I think they’re different because they’re based on prejudice and hatred, which is — which gives rise to crimes that have not just a single victim, but they’re intended to stigmatize and dehumanize a whole group of people.
LEHRER: Do you have a different view of that?
BUSH: No, I don’t really.
LEHRER: On hate crimes violence?
BUSH: No, I — we got one in Texas, and guess what? The three men who murdered James Byrd, guess what’s going to happen to them? They’re going to be put to death. A jury found them guilty and I — it’s going to be hard to punish them any worse after they get put to death. And it’s the right cost; it’s the right decision.
And secondly, there is other forms of racial profiling that goes on in America. Arab-Americans are racially profiled in what’s called secret evidence. People are stopped, and we got to do something about that. My friend, Senator Spencer Abraham of Michigan, is pushing a law to make sure that, you know, Arab-Americans are treated with respect.
So racial profiling isn’t just an issue at the local police forces. It’s an issue throughout our society. And as we become a diverse society, we’re going to have to deal with it more and more.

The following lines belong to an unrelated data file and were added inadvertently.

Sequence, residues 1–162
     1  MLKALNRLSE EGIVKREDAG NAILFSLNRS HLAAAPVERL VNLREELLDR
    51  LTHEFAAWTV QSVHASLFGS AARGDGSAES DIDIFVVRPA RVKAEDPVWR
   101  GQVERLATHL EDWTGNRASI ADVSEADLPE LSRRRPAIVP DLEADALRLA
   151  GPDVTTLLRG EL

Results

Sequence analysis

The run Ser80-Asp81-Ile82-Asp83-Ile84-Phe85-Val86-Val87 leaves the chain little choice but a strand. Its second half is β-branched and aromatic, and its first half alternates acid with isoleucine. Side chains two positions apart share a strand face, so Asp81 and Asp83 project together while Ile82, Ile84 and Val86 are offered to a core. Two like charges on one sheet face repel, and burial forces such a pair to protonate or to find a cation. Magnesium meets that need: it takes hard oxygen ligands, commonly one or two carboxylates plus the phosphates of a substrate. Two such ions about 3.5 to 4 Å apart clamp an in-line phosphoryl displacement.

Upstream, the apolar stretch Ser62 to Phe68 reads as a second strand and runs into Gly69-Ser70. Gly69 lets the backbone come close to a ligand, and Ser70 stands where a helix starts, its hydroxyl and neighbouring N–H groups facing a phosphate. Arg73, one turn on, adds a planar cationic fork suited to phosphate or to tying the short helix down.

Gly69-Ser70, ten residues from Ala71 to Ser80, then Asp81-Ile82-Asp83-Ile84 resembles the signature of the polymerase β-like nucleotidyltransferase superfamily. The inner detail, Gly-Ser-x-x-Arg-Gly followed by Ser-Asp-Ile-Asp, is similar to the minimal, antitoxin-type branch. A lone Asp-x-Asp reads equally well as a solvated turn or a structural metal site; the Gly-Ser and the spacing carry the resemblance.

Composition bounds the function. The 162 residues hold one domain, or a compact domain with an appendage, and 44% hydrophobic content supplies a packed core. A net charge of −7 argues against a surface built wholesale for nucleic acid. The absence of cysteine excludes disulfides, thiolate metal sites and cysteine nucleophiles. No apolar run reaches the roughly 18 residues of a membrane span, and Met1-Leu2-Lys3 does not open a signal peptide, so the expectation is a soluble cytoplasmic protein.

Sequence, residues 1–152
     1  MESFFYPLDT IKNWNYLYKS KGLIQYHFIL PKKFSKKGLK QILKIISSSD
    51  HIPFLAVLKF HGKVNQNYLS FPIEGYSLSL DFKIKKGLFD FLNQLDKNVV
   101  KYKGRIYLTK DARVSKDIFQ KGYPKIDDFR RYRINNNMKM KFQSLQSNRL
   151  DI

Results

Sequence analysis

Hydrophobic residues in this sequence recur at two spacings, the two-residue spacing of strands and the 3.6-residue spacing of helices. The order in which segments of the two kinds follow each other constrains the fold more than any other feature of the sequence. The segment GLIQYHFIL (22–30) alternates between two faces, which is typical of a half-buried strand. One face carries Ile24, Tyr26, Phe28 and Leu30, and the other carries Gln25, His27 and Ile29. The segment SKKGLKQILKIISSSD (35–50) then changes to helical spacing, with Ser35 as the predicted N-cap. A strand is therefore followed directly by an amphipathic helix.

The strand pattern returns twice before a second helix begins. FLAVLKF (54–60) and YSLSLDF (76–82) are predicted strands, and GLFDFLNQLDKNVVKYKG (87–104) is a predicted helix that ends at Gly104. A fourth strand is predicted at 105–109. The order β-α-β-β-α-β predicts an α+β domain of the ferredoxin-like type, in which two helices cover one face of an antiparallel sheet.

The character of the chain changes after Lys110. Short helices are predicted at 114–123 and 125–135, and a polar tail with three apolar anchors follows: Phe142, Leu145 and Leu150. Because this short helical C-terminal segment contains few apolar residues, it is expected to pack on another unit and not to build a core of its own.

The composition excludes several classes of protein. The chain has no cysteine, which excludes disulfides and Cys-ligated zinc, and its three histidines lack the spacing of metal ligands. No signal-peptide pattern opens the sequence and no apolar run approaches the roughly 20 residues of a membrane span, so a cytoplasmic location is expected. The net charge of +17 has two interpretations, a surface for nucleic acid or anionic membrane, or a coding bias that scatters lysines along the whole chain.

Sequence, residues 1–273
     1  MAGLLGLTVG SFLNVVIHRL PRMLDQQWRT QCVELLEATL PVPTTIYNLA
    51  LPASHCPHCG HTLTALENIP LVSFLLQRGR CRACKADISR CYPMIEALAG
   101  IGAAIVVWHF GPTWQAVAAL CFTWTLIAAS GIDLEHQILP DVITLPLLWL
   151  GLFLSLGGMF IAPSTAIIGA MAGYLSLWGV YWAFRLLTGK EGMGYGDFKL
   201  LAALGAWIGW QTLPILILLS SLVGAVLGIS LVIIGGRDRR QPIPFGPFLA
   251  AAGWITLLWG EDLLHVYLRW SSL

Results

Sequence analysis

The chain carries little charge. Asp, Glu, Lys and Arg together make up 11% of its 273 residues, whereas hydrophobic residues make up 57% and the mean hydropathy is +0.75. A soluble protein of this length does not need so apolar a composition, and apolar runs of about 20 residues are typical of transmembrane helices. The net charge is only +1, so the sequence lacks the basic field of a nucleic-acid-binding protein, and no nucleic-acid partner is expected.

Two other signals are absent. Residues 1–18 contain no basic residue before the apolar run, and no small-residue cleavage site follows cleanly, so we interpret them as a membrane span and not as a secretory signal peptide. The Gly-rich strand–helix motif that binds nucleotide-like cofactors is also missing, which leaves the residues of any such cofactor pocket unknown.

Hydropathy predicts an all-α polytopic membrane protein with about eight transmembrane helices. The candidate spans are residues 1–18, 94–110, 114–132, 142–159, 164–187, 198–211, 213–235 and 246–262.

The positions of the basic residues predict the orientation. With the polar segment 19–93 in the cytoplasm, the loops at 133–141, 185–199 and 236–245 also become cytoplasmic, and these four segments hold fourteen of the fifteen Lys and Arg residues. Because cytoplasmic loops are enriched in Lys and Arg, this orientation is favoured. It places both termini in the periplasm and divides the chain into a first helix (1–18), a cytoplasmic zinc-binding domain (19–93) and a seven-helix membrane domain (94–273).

I believe though — I believe, sure as I’m sitting here, that most Americans really care. They’re tolerant people. They’re good, tolerant people. It’s the very few that create most of the crisis. And we just happen to have to find them and deal with them.
LEHRER: What — if you become president, Governor, are there other areas, racial problem areas, that you would deal with as president, involving discrimination?
LEHRER: Again, you said Arab-Americans, but also Hispanics, Asians, as well as blacks in this country.
BUSH: Let me tell you where the biggest discrimination comes: in public education, when we just move children through the schools.
My friend Phyllis Hunter’s here. She had one of the greatest lines of all lines. She said, “Reading is the new civil right.” And she’s right. And to make sure our society is as hopeful as it possibly can be, every single child in America must be educated — I mean every child.
It starts with making sure every child learns to read; K-2 diagnostic testing so we know whether or not there’s a deficiency; curriculum that works, and phonics needs to be an integral part of our reading curriculum; intensive reading laboratories; teacher retraining.
I mean, there needs to be a wholesale effort against racial profiling, which is illiterate children. We can do better in our public schools. We can — we can close an achievement gap. And it starts with making sure we have strong accountability, Jim.
One of the cornerstones of reform, and good reform, is to measure because when you measure, you can ask the question: Do they know? Is anybody being profiled? Is anybody being discriminated against? It becomes a tool, a corrective tool.
And I believe the federal government must say that if you receive any money—any money from the federal government, for disadvantaged children, for example, you must show us whether or not the children are learning. And if they are, fine. And if they’re not, there has to be a consequence.
And so to make sure we end up getting rid of a basic structural prejudice — is education. There’s nothing more prejudiced than not educating a child.